Posts Tagged Spiritual Life

The Historical Development of Lent

Will you practice Lent in 2018? I have practiced in the past; however, it’s admittedly been a few years.

To be honest, Lent (and a strict Christian calendar in general) is something that I struggle to reconcile with apostolic teaching from Paul, who wrote,

Therefore let no one pass judgment on you in questions of food and drink, or with regard to a festival or a new moon or a Sabbath. These are a shadow of the things to come, but the substance belongs to Christ. Let no one disqualify you, insisting on asceticism and worship of angels, going on in detail about visions, puffed up without reason by his sensuous mind, and not holding fast to the Head, from whom the whole body, nourished and knit together through its joints and ligaments, grows with a growth that is from God.

If with Christ you died to the elemental spirits of the world, why, as if you were still alive in the world, do you submit to regulations— “Do not handle, Do not taste, Do not touch” (referring to things that all perish as they are used)—according to human precepts and teachings? These have indeed an appearance of wisdom in promoting self-made religion and asceticism and severity to the body, but they are of no value in stopping the indulgence of the flesh.

If then you have been raised with Christ, seek the things that are above, where Christ is, seated at the right hand of God. Set your minds on things that are above, not on things that are on earth. For you have died, and your life is hidden with Christ in God. When Christ who is your life appears, then you also will appear with him in glory (Colossians 2:16-3:4).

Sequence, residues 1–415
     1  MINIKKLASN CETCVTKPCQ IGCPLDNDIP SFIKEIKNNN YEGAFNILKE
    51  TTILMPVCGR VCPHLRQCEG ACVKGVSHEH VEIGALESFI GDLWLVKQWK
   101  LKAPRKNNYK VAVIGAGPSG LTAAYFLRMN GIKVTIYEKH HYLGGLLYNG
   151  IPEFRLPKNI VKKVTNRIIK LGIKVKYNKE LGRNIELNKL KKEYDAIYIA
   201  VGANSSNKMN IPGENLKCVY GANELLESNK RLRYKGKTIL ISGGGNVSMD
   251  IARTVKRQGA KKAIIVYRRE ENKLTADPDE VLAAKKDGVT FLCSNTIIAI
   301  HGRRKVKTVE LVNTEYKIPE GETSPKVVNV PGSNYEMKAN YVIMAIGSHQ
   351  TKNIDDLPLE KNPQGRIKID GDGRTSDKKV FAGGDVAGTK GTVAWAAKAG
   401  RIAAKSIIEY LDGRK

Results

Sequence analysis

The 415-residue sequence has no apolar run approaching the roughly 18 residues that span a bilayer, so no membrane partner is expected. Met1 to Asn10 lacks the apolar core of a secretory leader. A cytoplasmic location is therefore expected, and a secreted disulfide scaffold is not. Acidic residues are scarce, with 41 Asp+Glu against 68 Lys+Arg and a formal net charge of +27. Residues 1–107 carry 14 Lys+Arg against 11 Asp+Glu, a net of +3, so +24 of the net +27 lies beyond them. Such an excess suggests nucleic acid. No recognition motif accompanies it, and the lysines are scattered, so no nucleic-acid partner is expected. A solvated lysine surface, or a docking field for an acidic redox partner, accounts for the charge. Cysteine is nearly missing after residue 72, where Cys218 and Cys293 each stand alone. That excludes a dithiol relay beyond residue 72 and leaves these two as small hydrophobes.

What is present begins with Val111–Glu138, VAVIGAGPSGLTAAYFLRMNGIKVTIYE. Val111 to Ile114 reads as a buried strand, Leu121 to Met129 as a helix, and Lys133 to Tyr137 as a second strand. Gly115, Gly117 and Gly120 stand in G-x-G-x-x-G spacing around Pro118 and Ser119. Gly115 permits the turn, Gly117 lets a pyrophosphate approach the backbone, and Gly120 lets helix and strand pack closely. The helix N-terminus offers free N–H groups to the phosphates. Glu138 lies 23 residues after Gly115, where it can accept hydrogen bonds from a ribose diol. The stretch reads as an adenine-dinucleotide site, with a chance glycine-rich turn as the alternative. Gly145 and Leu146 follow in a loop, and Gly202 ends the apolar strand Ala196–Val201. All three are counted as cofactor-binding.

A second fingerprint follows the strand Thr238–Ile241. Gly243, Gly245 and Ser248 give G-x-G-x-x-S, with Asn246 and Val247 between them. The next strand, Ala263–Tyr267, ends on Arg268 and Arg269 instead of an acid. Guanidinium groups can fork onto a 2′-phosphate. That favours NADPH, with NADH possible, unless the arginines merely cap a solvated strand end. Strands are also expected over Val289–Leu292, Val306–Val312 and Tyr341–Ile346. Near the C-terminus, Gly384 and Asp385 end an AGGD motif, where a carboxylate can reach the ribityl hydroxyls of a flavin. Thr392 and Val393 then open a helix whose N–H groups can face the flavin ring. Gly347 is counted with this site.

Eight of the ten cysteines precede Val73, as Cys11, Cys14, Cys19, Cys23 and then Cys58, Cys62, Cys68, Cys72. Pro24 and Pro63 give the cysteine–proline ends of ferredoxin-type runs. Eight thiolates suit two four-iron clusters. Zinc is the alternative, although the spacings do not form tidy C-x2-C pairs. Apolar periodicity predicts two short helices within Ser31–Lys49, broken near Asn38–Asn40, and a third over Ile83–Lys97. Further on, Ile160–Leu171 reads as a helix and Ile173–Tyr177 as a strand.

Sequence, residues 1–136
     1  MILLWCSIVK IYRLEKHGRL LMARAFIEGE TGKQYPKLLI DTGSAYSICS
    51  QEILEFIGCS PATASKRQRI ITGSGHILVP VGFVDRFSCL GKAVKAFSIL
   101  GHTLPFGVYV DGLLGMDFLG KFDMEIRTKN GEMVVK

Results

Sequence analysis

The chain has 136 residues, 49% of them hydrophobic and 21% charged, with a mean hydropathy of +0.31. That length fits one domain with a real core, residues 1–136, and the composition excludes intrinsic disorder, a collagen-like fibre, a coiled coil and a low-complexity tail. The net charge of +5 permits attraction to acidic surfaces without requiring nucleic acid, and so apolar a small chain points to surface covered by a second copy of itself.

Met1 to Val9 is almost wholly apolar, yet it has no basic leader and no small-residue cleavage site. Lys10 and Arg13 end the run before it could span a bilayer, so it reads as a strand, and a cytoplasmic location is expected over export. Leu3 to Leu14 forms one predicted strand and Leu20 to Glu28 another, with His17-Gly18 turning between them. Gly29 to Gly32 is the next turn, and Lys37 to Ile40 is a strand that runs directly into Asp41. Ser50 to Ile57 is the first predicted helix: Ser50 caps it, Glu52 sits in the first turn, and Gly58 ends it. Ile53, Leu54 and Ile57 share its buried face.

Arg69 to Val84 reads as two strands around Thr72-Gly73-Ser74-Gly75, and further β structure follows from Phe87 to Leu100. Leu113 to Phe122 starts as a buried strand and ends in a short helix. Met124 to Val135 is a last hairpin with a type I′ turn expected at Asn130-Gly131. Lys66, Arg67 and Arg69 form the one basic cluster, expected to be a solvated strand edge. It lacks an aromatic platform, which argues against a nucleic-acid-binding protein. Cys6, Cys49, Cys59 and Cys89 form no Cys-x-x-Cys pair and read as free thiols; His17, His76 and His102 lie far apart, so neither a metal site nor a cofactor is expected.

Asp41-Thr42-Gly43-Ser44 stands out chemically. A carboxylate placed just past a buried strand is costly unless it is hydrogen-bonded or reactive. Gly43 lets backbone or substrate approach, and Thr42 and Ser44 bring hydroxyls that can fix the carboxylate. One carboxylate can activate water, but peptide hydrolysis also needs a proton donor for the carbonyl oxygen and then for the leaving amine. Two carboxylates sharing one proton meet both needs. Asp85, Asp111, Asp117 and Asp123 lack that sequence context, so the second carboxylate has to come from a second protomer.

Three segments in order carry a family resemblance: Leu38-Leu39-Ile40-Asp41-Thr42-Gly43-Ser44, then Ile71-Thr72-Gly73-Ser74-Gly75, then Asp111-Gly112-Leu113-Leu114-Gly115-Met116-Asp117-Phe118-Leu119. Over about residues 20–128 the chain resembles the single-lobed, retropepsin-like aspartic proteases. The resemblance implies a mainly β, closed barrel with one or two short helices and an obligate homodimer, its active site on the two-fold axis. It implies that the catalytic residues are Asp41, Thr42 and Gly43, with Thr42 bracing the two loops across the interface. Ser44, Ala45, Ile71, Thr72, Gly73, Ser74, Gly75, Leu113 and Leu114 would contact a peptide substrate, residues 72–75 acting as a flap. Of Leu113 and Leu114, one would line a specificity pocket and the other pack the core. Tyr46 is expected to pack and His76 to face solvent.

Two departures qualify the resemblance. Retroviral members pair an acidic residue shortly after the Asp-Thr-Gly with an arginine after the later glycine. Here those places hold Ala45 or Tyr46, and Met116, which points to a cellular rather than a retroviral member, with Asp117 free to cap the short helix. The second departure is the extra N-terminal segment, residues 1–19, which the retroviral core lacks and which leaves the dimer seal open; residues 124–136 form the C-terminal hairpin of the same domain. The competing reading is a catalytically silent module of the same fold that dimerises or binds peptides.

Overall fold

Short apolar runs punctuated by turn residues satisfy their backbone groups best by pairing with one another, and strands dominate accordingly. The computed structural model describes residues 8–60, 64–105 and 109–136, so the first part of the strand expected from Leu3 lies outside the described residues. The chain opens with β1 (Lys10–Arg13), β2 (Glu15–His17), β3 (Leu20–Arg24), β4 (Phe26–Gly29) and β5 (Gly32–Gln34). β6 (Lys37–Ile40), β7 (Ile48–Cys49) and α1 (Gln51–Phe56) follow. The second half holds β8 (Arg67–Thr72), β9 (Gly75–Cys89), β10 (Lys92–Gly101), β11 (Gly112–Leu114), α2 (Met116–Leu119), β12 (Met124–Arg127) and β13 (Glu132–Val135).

Paul seems to be instructing that asceticism and calendars are overrated compared to Christ and underwhelming in the battle against the sinful nature. Then, he compels readers to set their minds on their union with Christ in the experience of the gospel; that is, think on heavenly accomplishments rather than earthly shadows for power in the spiritual life.

Before my theological education, I found this liberating. During my education, knowledge of church history, extra-biblical Christian texts, and exposure to a variety of Christians in various traditions caused me to wonder if I was missing out on my historical heritage – I didn’t want to act as if my Christianity was the only Christianity that there ever has been. Having been removed from the academic environment for about 7 years now, I’ve felt pulled in two directions – one existing in my knowledge of the historical expression of the Christian, spiritual life and one existing in my simple, post-conversion liberty found only in Christ and his gospel.

I imagine that some may respond in saying the historical liturgy aims to image the gospel and to orient all of life around it. I can see that, but I can also see how it possibly focuses the mind on shadows of the gospel rather than on the reality itself.

When I turn to the Scriptures for clarity, the only “icons” we’re given are the Eucharist and Baptism. We weren’t given any specific fasts or specific festivals or holy days. In fact, this 2013 article by Nicholas V. Russo casts all kinds of doubt on any solid proto-Nicene Lent tradition. At the most, one can say that the early church employed fasts and certain days as tools to prepare catechumens for Baptism. These lesser things served the people and the true apostolic ordinances.

Today marks the beginning of Lent for many of my brothers and sisters. My hope for them is that they aren’t only living in the shadow but also in the reality of the union we share in the gospel of Jesus Christ. We have died. Our life is hidden in Christ with God. I want to know more of this death and life with which I have been united. I’m just not certain that Lent is the way. I’ll remember my Baptism; I’ll sit at the Lord’s table, I’ll hear the word of redemption in Christ; I’ll gaze upon the Head of the church, and try to yield to his Spirit, whose aim it is to conform me to Christ.

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Response to Marc5Solas on Top 10 Reasons Our Kids Leave Church—7. You Sent Them Out Unarmed

7. You Sent Them Out Unarmed